The buying process has gotten messy for B2B marketers. This easy access to information means that engagement one second can turn into disinterest in the next. Every new channel puts a hole in your funnel. (Although I’ve never liked the funnel construct, it’s appropriate for making the point.)
Marketers who don’t integrate new channels into their content marketing strategy will find they have a very leaky funnel. I’m not talking about using them, I’m talking about considering how they all work together.
If you want to plug the holes, it’s time to consider:
Consistency of Story
Given that only 32% of enterprise B2B marketers consider their content marketing effective, they need to pay attention to what they’re doing with the 17 tactics they use, on average. Forty-one percent are creating more content than they did last year but the question remains as to what it is and why they’re creating it?
Many of them don’t have a documented plan which leaves me to wonder how they manage it all. But I’d wager that this is an indication of why consistency across channels is lacking. If you’re relying on memory or hoping that everyone is publishing to the idea of the plan, good luck.
The problem I see is that in lieu of a strategy, marketers use different channels for different things. One example I’ve seen a lot is a really well done blog and a Facebook page that’s about the company’s favorite sports team and silly contests. If you’re a buyer and you encounter a really thought-provoking blog post and then click through to the silly Facebook page, what are you left thinking?
The other is a conflict of personas. You may have a blog focused on IT professionals and a LinkedIn Group for line of business. But somehow there are cross links that make no sense but were done for SEO purposes. I’ve seen horrendous crimes done to content in the name of SEO. This can also happen with hyperlinks on phrases that link to product pages on the website with no context. Who do you think you’re fooling? I just read a buyer research study that found buyers are hesitant to click on links when they don’t know where they’ll go. Why do you think this is?
Marketers need to think about the impression made by all the channels in use where prospects and customers may encounter their company. What will the overall impression be if they run into your company on the channels you publish in most? When’s the last time you looked at it from the outside, from this perspective?
Depth of Relevance
I was reviewing content for a potential project the other day. The content was solid, focused on industry trends that mattered to their prospects, but it felt off. It took me a bit to put my finger on it, but I finally figured it out. The company had taken the idea of journalism to an extreme. They were trying to be so unbiased that their content was dry, it was like straight reporting and it was stiff because they weren’t actually taking a stand or speaking directly to anyone.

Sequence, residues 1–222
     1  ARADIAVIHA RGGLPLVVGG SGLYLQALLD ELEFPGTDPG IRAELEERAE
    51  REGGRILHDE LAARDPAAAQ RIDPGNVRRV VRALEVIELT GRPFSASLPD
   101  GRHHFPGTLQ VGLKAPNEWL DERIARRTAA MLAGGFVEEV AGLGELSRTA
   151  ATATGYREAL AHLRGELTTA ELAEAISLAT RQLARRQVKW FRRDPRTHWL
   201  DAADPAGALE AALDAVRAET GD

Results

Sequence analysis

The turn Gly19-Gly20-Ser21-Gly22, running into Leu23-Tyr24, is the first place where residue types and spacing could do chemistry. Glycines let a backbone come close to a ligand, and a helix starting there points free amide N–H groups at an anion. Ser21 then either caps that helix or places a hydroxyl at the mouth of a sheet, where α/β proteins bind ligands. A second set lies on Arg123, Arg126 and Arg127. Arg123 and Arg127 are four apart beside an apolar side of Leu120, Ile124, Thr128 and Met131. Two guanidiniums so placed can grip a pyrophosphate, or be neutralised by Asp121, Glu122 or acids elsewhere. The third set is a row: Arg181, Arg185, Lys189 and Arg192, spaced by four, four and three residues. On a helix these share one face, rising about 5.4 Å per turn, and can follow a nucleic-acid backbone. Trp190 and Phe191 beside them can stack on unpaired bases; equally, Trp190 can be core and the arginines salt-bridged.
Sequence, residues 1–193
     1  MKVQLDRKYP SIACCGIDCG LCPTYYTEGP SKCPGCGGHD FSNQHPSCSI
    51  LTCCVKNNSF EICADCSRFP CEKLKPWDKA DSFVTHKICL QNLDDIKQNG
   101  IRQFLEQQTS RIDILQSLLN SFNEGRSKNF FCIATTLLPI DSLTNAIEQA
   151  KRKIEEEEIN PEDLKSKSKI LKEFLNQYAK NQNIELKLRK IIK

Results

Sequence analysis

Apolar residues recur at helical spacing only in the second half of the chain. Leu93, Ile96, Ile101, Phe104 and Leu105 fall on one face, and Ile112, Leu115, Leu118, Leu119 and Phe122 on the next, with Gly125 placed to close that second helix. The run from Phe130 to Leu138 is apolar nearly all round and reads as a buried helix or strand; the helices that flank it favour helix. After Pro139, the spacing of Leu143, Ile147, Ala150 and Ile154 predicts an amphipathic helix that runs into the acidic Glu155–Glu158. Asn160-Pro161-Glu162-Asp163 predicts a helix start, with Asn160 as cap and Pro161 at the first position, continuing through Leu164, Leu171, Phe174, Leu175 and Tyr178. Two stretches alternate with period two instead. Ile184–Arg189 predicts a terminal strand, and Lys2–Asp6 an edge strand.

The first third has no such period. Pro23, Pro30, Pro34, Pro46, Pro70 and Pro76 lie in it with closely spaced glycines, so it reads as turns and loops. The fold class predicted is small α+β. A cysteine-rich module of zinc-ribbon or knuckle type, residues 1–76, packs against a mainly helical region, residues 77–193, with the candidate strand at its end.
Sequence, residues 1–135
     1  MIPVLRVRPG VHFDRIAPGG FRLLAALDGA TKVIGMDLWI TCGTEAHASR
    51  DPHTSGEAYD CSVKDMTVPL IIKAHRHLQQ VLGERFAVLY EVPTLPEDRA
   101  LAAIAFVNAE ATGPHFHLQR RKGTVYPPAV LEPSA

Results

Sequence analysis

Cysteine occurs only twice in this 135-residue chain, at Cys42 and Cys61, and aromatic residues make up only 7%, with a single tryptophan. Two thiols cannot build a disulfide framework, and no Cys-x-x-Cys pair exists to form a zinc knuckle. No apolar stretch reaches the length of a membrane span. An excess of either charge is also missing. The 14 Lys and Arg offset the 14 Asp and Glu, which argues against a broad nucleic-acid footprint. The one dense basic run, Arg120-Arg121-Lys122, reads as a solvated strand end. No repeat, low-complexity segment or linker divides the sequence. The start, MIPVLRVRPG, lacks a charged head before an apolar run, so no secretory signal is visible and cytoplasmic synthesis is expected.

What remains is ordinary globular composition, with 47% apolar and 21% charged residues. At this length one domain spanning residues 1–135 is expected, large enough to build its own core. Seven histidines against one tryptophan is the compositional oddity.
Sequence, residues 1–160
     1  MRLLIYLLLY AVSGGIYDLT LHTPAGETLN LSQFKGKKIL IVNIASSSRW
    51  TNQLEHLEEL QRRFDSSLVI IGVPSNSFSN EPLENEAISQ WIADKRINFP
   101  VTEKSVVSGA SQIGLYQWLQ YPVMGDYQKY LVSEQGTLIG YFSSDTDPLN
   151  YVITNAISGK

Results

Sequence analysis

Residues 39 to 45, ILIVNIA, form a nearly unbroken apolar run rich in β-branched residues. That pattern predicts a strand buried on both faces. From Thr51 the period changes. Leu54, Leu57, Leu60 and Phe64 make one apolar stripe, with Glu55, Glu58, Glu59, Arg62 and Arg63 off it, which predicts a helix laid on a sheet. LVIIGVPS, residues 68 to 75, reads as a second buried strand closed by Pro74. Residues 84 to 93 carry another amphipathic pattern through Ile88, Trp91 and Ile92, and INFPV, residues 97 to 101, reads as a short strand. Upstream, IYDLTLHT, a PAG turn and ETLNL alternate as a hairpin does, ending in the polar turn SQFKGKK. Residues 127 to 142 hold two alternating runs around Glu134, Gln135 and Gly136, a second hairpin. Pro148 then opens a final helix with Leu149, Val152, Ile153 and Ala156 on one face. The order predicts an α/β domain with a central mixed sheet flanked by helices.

The company is actually really interesting and has SMEs galore that are willing to contribute content. But they don’t know how to talk to their prospects with any tone, voice or personality. If you stripped away the company brand, the reader would think the content was provided by an association or news publisher. And that’s not the lasting impression you want to leave.
To get to depth of relevance you not only need to know your buyers intimately, but your brand’s personality. Instead of brand guidelines, why not create a brand persona that can help your company become more relevant in information, as well as in style?
Formats Don’t Matter More than Information
One of the first things I hear in a lot of content conversations is about the type of content the marketing team wants to create. We need a white paper or an eBook or an infographic, etc. This is the wrong place to start.
Start with the idea. What topic and for whom? What will they get from it? What do you want to accomplish? How will it work within your storyline?
These are the questions to answer. Then you can define a suite of content to develop around the idea complete with a distribution plan and how you’ll connect the dots across channels. Remember that the expectations in channels also vary. Instead of one content asset, start thinking in terms of content hubs.
If you don’t want to lose your audience, you need to move format to the end of the list. It’s not the most important element. The information is.
Social Does Not Mean Broadcast
I think we’ve forgotten how to actually “be” social. There’s a big difference between broadcasting and engaging. The lazy way out is to post title and link…repeatedly. Or to post title and link when channels including LinkedIn, Facebook and Google+ allow you to add much more narrative. Yet, we tend to treat every social channel with the brevity required by Twitter. Why?
What a missed opportunity. Although this would also mean we’d need to think about how to be meaningful – and who has time for that?
The point is that marketers are putting a lot of investment into channels they don’t own, but they’re not applying the effort to make them pay off. Buyers have a choice. It’s often represented by the back button and then the ignore trigger that has them scan right past your post. Once they start avoiding you, will you be able to win them back? If their experience with your brand across channels is reminiscent of Dr. Jekyll and Mr. Hyde, you’ve got work to do.
The best approach is to think of everything you publish as a form of Natural Nurturing. I wrote about it in my book, eMarketing Strategies for the Complex Sale, in 2009. This is not a new concept. Every time your content comes into contact with your audience you have an opportunity. Squander it and your funnel becomes a sieve.